Lower Keys Guides Association Continues to Provide Monitoring Tools and Captained-Vessel Support Following Unusual Fish Behavior Event

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Lower Keys Guides Association Continues to Provide Monitoring Tools and Captained-Vessel Support Following Unusual Fish Behavior Event

February 28, 2024  

In November 2023, guide members of the Key West and Lower Keys Fishing Guides Association (dba Lower Keys Guides Association or LKGA) started noticing unusual fish behavior in the Lower Keys.  The behavior, initially observed in bait fish often after being exposed to a stimulating or stress event, consisted of spinning in tight circles with their heads elevated and/or out of the water, equilibrium and/or balance problems including swimming upside down and/or on their sides, and bobbing/sinking to the ocean bottom and rising to the surface. The LKGA has an established relationship with Bonefish & Tarpon Trust, specifically on science-based initiatives related to priority fish species and ecosystem conservation, preservation, and restoration in the Florida Keys. As more unusual fish behavior was observed, members of the Lower Keys guiding community including LKGA guide and angler members started reporting these observances to our partners at BTT.  Realizing the unusual behavior was persisting, in December of 2023, the LKGA, with guidance from BTT, established an online Observation Report Form that was added to our website (LKGA.org), encouraging members of our organization or anyone in the community witnessing unusual fish behavior, fish kills, water discoloration, and even navigational hazards to report it using the report form.

In early January, Bonefish & Tarpon Trust initiated and mobilized a network of scientific organizations, academic institutions, and state and federal agencies to cross-reference, and share current knowledge of the concerning fish behavior across organizations. This led to the creation of a working group for coordination of sampling efforts, sharing and reporting findings in real-time, strategically discuss public outreach & communications, engaging in collaborative future research discussions, and identifying rapid response funding, if necessary.  To date, multiple institutions have been collaborating on this effort including Florida Fish & Wildlife Commission (FWC), Florida Department of Environmental Protection (FDEP), Florida Gulf Coast University (FCGU), University of Southern Alabama (USA), Florida International University (FIU), and of course Bonefish & Tarpon Trust. Other organizations have been briefed on and monitoring the situation closely, including the Florida Keys National Marine Sanctuary, the Dry Tortugas and Biscayne National Park Service, and Florida Keys Fishing Guides Association.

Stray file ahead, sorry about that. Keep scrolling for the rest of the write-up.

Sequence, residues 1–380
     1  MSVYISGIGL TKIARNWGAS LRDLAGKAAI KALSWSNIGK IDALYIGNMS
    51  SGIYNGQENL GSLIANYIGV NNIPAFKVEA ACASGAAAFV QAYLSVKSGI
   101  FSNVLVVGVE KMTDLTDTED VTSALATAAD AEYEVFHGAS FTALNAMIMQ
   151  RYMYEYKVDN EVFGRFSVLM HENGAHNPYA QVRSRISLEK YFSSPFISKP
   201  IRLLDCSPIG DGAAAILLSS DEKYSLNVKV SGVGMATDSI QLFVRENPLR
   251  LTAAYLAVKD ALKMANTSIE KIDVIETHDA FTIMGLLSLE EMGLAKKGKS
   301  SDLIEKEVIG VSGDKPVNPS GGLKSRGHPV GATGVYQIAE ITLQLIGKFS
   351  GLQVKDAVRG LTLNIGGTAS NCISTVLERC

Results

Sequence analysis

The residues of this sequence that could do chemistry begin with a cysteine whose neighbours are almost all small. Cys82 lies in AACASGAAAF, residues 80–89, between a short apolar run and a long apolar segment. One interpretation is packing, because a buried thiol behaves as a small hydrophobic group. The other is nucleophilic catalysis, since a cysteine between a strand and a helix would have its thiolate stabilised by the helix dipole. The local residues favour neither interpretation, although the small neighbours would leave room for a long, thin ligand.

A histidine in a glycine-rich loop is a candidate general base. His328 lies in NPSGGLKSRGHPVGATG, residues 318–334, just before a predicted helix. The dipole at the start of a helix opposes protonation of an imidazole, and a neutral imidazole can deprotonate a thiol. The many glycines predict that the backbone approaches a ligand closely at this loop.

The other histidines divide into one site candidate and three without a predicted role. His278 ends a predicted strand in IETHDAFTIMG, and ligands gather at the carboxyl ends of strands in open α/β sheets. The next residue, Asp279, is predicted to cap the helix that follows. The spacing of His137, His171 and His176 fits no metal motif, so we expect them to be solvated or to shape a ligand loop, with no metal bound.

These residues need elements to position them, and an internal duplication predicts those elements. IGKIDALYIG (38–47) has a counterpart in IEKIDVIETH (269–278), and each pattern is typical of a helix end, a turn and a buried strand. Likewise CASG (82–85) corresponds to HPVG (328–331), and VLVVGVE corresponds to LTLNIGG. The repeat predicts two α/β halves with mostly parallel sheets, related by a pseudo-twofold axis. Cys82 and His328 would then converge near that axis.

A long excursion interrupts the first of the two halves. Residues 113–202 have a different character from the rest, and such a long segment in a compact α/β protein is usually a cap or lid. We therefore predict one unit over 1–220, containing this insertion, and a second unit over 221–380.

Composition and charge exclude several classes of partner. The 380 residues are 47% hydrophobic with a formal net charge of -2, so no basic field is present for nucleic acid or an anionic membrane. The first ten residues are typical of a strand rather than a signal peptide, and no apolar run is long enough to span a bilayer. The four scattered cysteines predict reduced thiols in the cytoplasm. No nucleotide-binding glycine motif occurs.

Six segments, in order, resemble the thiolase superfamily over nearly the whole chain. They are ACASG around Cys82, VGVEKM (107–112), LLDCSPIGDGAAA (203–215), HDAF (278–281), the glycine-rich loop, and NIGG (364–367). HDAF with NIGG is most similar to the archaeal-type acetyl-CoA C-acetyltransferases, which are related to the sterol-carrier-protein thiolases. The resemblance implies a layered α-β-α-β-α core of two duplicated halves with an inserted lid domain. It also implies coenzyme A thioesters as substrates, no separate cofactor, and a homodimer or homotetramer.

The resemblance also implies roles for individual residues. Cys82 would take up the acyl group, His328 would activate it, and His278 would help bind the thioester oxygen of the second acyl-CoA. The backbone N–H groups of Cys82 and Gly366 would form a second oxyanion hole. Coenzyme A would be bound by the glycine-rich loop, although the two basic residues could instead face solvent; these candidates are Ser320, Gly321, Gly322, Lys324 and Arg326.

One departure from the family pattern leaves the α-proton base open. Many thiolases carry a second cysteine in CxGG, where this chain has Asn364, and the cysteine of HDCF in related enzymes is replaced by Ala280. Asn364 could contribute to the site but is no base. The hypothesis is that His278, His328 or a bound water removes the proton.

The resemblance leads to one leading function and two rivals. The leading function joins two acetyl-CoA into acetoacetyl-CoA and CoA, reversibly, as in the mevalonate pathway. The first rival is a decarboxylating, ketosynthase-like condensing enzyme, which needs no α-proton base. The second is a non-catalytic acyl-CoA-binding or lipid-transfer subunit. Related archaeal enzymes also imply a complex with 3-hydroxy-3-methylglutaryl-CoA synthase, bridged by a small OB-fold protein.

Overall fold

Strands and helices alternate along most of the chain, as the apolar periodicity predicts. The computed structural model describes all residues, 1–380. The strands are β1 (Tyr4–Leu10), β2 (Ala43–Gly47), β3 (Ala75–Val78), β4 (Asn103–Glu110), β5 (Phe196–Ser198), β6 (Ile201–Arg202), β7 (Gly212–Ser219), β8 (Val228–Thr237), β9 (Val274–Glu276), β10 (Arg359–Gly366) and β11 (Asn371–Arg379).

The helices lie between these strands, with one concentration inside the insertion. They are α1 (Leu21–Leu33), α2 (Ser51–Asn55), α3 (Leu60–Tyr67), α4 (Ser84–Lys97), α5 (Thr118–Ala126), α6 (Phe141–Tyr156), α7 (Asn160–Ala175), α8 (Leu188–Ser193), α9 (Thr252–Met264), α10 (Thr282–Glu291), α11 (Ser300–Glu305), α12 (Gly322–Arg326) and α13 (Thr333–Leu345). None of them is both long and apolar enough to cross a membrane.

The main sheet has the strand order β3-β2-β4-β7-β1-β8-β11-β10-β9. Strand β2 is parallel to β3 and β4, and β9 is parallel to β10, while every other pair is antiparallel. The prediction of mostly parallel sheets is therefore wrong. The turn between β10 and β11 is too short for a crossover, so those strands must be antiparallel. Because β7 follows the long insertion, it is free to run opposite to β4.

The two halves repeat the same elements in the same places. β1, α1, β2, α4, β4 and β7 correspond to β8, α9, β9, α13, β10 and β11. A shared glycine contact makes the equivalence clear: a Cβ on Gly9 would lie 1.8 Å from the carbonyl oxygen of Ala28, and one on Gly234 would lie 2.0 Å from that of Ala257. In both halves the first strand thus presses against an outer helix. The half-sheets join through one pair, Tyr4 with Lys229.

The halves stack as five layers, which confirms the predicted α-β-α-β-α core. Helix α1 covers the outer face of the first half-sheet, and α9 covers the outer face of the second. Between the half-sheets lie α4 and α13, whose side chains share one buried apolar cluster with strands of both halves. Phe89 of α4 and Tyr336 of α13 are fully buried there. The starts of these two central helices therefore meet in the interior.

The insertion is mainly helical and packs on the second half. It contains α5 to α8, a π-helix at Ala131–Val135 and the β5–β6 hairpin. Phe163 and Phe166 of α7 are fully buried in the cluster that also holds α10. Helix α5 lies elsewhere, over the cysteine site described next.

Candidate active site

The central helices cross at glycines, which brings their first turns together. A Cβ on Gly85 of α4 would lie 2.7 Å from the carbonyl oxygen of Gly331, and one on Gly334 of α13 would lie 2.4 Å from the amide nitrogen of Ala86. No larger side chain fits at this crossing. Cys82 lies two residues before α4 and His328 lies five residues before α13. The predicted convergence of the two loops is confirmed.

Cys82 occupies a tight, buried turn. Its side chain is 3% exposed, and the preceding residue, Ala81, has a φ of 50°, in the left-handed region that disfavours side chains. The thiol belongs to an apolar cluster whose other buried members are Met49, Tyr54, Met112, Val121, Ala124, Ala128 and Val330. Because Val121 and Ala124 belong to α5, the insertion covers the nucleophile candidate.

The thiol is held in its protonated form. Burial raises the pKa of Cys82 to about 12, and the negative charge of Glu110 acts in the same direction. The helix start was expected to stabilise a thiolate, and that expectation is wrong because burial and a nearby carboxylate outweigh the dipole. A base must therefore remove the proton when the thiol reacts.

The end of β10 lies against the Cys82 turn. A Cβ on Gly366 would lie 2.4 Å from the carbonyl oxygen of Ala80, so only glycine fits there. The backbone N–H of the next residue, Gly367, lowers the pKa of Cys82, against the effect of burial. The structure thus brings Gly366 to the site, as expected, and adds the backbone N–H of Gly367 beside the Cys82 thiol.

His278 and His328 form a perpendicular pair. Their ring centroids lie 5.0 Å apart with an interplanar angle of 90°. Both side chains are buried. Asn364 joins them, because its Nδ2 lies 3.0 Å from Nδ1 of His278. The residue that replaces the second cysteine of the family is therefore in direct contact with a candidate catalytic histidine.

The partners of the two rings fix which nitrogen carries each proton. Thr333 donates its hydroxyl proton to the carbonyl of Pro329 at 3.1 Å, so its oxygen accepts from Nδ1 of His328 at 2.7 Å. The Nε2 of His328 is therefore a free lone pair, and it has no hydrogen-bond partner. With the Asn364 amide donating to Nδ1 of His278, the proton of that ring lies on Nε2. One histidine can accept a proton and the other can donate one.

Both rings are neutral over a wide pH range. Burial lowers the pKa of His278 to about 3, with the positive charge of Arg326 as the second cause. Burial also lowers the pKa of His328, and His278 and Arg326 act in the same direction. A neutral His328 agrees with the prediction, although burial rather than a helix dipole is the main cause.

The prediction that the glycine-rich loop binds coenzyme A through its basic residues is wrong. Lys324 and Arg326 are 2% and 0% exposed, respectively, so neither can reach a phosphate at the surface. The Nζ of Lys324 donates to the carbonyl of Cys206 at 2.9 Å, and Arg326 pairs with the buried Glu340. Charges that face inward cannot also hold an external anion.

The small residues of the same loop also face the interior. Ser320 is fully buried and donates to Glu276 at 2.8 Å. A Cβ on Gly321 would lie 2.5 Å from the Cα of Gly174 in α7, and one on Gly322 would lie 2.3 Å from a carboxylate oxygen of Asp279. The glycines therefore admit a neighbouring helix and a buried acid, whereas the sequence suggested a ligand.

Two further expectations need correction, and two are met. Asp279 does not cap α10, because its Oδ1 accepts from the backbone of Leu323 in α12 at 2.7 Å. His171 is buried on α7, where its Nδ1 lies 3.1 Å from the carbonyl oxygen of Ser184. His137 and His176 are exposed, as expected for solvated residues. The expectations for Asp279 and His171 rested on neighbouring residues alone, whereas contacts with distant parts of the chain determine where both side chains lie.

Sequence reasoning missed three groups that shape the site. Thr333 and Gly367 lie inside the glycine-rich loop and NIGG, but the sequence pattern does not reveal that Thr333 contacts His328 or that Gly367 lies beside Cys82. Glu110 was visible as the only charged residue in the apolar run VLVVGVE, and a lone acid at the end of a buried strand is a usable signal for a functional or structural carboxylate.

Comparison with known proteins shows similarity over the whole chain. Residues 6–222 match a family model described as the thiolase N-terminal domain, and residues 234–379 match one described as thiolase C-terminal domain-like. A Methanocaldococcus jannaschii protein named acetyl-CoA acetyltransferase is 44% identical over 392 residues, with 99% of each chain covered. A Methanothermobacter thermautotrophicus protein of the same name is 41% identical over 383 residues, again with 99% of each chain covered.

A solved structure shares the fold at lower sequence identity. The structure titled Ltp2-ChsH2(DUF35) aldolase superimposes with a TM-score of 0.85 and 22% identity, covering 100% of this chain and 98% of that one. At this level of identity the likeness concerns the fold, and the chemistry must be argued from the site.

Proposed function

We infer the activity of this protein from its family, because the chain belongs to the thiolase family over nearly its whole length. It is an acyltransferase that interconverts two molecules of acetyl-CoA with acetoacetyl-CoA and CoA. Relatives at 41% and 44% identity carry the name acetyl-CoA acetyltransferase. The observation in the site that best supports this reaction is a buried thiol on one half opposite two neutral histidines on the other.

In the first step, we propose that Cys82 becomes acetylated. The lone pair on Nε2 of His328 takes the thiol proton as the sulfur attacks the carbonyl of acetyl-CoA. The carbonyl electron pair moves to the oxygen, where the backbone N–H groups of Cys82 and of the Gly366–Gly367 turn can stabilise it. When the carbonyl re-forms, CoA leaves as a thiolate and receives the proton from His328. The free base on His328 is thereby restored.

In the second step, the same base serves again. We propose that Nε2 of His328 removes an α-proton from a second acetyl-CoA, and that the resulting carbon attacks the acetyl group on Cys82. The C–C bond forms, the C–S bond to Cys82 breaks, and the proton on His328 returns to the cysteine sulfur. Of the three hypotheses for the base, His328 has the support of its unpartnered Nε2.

Reports of spinning fish have continued to persist over the past few weeks, with nearly 30 species exhibiting symptoms. Initially, the reports seemed to be consistently observed between Sugarloaf Key and Big Pine Key, however, there have been a few reports outside of the initial zone including Key West, Key Largo and Miami. Dozens of observation reports have been received and shared with all institutions and agencies, including FWC’s Fish Kill Hotline.

To date, multiple mass sampling events have occurred with multi-institutional support.  LKGA and our captains have provided boat and navigational knowledge/expertise in assisting with observations and sample collections as requested by partnering institutions.  Our LKGA guides, as well as our angler membership base, are committed to continue to provide vessel and local navigational expertise to institutions and agencies needing ongoing support.  We remain vigilant in providing observation reports of unusual fish behavior, as well as areas where fish remain symptomless. LKGA supports continued efforts of sampling or monitoring current conditions and we are working to identify ways for our guides to provide consistent baseline reporting in all areas throughout Key West and the Lower Keys to serve as ongoing, baseline data in case of future disturbances.

The Lower Keys Guides Association encourages the community to be on the lookout for unusual fish behavior, and if witnessed, to report it to the LKGA Observation Form and/or the FWC Fish Kill Hotline. The importance of continued reports is of utmost priority as we continue to track activities in affected areas, the persistence of the behavior over time, identifying future research/sampling areas and help procure funding for research and restoration in the short and long term.

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